You don't necessarily have to have the state run enforcement of rules and regulations. What we see in places where the state collapses is that there is a vacuum in this area. In the US the government is 40% of the economy and it controls much of the private market as well. If the government collapsed, it would be chaos and anarchy would be blamed for it. Anarchy is not the problem, it's the sudden loss of needed systems that is the problem. Nearly everything the state does, the private market/voluntary activity could better. Nearly everything else does not need to be done.

People often point to Somalia as an example of how a state is important in bringing about prosperity. They say how terrible things are there without a state. I don't know that Somalia was ever prosperous but I have heard that some people are finding life easier without a state to get in the way of their business.

I'll say it again, the government does not write regulations. The government rites rules through law with the stated intent of regulating but there is no evidence that these rules make anything regular. Often stated regulations actually make things irregular. The FDA is a great case in point. So is the EPA.

Joe Cushing writes:

If the government ran all grocery stores and then the government collapsed, there would be a sudden loss of the ability for the country to distribute food. This would be huge chaos and a huge catastrophe. This would not be evidence that anarchy caused this problem and that the government is needed to be in the business of selling food. It would take a while before private actors could take over and set up new stores.

The same can be said of all the other things government does. The fact that government has a monopoly or near monopoly on police, fire, schools, roads, food safety, etc, does not mean that these could not be done in a voluntary society but if government collapsed, all of these services would suddenly be removed from society and it would be chaos.

Craig Richardson writes:

Joe writes, "People often point to Somalia as an example of how a state is important in bringing about prosperity. They say how terrible things are there without a state. I don't know that Somalia was ever prosperous but I have heard that some people are finding life easier without a state to get in the way of their business."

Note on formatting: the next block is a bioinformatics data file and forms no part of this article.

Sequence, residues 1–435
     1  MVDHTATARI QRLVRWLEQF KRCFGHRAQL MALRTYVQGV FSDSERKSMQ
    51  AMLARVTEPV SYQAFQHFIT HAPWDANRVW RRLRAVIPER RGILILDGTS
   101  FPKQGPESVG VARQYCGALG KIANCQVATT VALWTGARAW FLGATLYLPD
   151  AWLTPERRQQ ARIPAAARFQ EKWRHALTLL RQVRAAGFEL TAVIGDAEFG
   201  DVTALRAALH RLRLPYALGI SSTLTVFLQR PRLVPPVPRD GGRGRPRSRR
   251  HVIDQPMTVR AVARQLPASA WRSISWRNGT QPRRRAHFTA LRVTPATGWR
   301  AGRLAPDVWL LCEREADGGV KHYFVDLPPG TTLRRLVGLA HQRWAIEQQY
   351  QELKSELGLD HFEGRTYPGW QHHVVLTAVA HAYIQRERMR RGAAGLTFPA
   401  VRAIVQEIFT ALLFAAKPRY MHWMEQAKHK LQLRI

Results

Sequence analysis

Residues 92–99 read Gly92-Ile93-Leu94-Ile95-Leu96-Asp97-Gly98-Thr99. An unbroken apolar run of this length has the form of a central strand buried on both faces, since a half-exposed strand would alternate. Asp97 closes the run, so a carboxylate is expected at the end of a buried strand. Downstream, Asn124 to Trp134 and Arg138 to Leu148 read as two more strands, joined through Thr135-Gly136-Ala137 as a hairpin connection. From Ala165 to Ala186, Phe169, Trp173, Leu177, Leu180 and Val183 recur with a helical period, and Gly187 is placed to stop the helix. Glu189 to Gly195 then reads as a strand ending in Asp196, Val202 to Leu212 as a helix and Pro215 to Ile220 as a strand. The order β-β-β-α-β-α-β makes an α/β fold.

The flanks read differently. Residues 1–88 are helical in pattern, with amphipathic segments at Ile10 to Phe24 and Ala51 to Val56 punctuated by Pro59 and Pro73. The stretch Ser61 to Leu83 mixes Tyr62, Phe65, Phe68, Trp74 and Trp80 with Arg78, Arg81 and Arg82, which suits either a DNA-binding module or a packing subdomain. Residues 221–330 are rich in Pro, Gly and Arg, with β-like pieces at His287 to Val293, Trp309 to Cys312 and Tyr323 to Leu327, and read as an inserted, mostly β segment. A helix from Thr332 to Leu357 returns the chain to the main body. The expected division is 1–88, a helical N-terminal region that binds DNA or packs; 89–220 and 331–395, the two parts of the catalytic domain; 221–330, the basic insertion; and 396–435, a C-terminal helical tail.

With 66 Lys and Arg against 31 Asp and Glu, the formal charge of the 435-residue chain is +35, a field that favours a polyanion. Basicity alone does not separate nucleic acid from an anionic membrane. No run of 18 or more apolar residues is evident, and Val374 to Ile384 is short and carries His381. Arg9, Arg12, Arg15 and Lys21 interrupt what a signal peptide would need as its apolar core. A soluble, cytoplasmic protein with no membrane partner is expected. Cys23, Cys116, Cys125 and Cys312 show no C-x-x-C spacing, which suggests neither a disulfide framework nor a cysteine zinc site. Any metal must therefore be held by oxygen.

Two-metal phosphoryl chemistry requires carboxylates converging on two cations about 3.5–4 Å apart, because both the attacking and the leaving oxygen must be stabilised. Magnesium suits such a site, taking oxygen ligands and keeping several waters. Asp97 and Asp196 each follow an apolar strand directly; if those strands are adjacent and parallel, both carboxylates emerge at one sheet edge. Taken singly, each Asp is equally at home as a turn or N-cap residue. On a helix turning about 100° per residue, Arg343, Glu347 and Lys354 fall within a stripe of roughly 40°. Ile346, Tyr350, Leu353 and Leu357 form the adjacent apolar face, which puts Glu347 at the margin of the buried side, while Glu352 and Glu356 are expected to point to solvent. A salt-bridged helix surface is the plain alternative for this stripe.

Yes, those "people" are the ones with guns, highly powered boats and lots of cash from ransom money. Would you feel comfortable taking a sailboat along the coast of Somalia to see how well the market is working there under a lack of government? You probably would learn from the hostages about free trade.

And I guess the lack of running water and sewage pipes is just the market valuing hostage running over sanitation.

I'm not sure if you have traveled to Africa, but I think it would help for you to go, to understand the importance of relatively good government (visit Ghana, for example) and how the quality of life differs from such despotic regimes such as Somalia.

I loved Ghana- its energy, entrepreneurial energy, and quality of life. A democratic government, with improving governance indicators (World Bank), foreign investment and safety because of honest police make this a place that will thrive in the future. Foreign investors look at all these things from the outside, and place their chips in areas with lower risk, i.e. stable governments. Lack of government represents the unknown, therefore higher risk.

Joe Cushing writes:

"Yes, those "people" are the ones with guns, highly powered boats and lots of cash from ransom money."